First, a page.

These days, Acton Burnell Castle is a red shell made of sandstone. It was constructed from 1284 to 1293 and abandoned by 1420. It remains a fascinating example of a fortified manor. Whilst there are no facilities onsite, it remains an interesting place to visit. Dogs on leads are welcome and the castle offers a flat, grassy walk. Parking is available onsite for five cars and one minibus. From the car park, there is a flat walk through a wood to reach the castle. For more information, head to the English Heritage Acton Burnell website and read about its history.

Cantlop Bridge (Shrewsbury)

Built in 1813, Cantlop Bridge is thought to have been either designed or approved by Thomas Telford. It is located next to the road and can be accessed by parking in a nearby layby, as detailed on the English Heritage Cantlop Bridge website. Its pretty, riverside location is the ideal place for a quiet picnic. You can also read about its history.

Haughmond Hill (Shrewsbury)

Haughmond Hill is a Forestry England site that is free to visit. Parking costs £1 for two hours or £2 all day. Four walking trails are available in the area, two of which are suitable for buggies and mobility scooters. The other two are longer and may be uneven and muddy. At the front of the hill are beautiful views of the River Severn, South Shropshire and the Welsh Hills. A cafe, toilets and picnic areas make this the ideal place for a relaxing day out. Dogs are welcome at this attraction. For more information, head to the Haughmond Hill Forestry England website.

Shrewsbury Abbey (Shrewsbury)

Founded in 1083, Shrewsbury Abbey is of great historical significance. Kings have made pilgrimages there and it hosted the first Parliament. These days, it is a quiet and peaceful place to visit, enjoy the spectacular architecture and learn about its history. Shrewsbury Abbey is free to visit although donations are appreciated. Further information is available on the Shrewsbury Abbey website.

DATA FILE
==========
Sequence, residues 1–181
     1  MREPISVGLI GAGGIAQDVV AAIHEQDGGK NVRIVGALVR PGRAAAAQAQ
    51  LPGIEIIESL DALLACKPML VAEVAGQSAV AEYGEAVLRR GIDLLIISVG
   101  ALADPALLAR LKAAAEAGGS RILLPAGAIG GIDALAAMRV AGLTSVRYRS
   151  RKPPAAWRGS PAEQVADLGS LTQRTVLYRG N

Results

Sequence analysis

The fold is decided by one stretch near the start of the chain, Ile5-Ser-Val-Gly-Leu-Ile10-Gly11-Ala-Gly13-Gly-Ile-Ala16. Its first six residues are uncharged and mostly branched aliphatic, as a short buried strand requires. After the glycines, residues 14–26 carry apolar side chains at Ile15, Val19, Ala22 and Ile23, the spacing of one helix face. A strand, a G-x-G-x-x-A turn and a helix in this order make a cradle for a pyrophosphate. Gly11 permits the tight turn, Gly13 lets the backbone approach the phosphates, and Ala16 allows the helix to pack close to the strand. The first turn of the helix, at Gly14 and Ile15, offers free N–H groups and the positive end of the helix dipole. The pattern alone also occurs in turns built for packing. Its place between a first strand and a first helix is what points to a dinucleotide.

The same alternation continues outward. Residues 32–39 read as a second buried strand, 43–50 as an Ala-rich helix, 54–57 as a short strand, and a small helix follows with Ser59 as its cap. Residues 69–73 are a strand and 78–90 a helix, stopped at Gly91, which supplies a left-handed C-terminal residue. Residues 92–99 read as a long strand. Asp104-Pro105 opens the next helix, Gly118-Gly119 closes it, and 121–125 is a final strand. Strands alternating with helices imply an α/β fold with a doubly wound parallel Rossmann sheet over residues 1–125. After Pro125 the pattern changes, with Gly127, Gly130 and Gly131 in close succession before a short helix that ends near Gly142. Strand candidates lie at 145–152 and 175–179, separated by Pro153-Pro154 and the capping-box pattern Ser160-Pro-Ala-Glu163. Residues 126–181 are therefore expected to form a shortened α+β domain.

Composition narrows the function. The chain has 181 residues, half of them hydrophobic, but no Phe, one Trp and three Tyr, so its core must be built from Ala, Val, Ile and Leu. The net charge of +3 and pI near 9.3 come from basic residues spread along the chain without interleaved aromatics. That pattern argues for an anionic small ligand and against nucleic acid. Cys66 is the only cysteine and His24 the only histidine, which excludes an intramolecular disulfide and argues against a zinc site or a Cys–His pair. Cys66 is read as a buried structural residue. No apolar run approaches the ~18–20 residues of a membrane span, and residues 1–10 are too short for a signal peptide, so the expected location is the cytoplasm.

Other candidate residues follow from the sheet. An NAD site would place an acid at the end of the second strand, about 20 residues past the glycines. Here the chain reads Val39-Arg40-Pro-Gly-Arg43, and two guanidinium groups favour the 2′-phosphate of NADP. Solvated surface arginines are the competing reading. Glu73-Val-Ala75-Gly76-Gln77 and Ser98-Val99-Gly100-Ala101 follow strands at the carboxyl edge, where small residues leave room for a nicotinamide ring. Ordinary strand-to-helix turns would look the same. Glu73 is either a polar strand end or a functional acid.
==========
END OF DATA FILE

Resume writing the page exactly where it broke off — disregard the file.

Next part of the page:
Quarry Park (Shrewsbury)

The Quarry Park in Shrewsbury comprises 29 acres of parkland. It includes the Dingle at the centre of the park, a floral display cultivated by Percy Thrower who looked after the park for 28 years. The River Severn circles the outskirts of the Quarry. It is an ideal place to walk, picnic and relax. Toilet facilities are available at the Quarry and it is dog friendly. Full information is available on the Original Shrewsbury website.

Free things to do in Shropshire: Telford

Granville Country Park (Telford)

Granville was the last deep mine in Shropshire to close down. These days, wildlife has taken over the previously industrial area. Old furnaces and an old winding house can be seen among the woodland. There are footpaths and walking routes around the nature reserve and dogs are welcome. Further information is available from the Shropshire Wildlife Trust.

Telford Town Park (Telford)

Telford Town Park is notably more exciting than it sounds. It is worth bearing in mind that there are lots of activities that do cost money. For example disk golf, adventure golf and the Sky Reach climbing and high ropes adventures. However, there is also plenty to do for free. Stroll around beautiful gardens or follow a heritage or nature trail around the park. Let children enjoy the impressive play areas or bring a bike and explore 14 miles of off road cycle paths. There’s a café to buy food and plenty of places for a picnic. Find out more on the Telford Town Park website.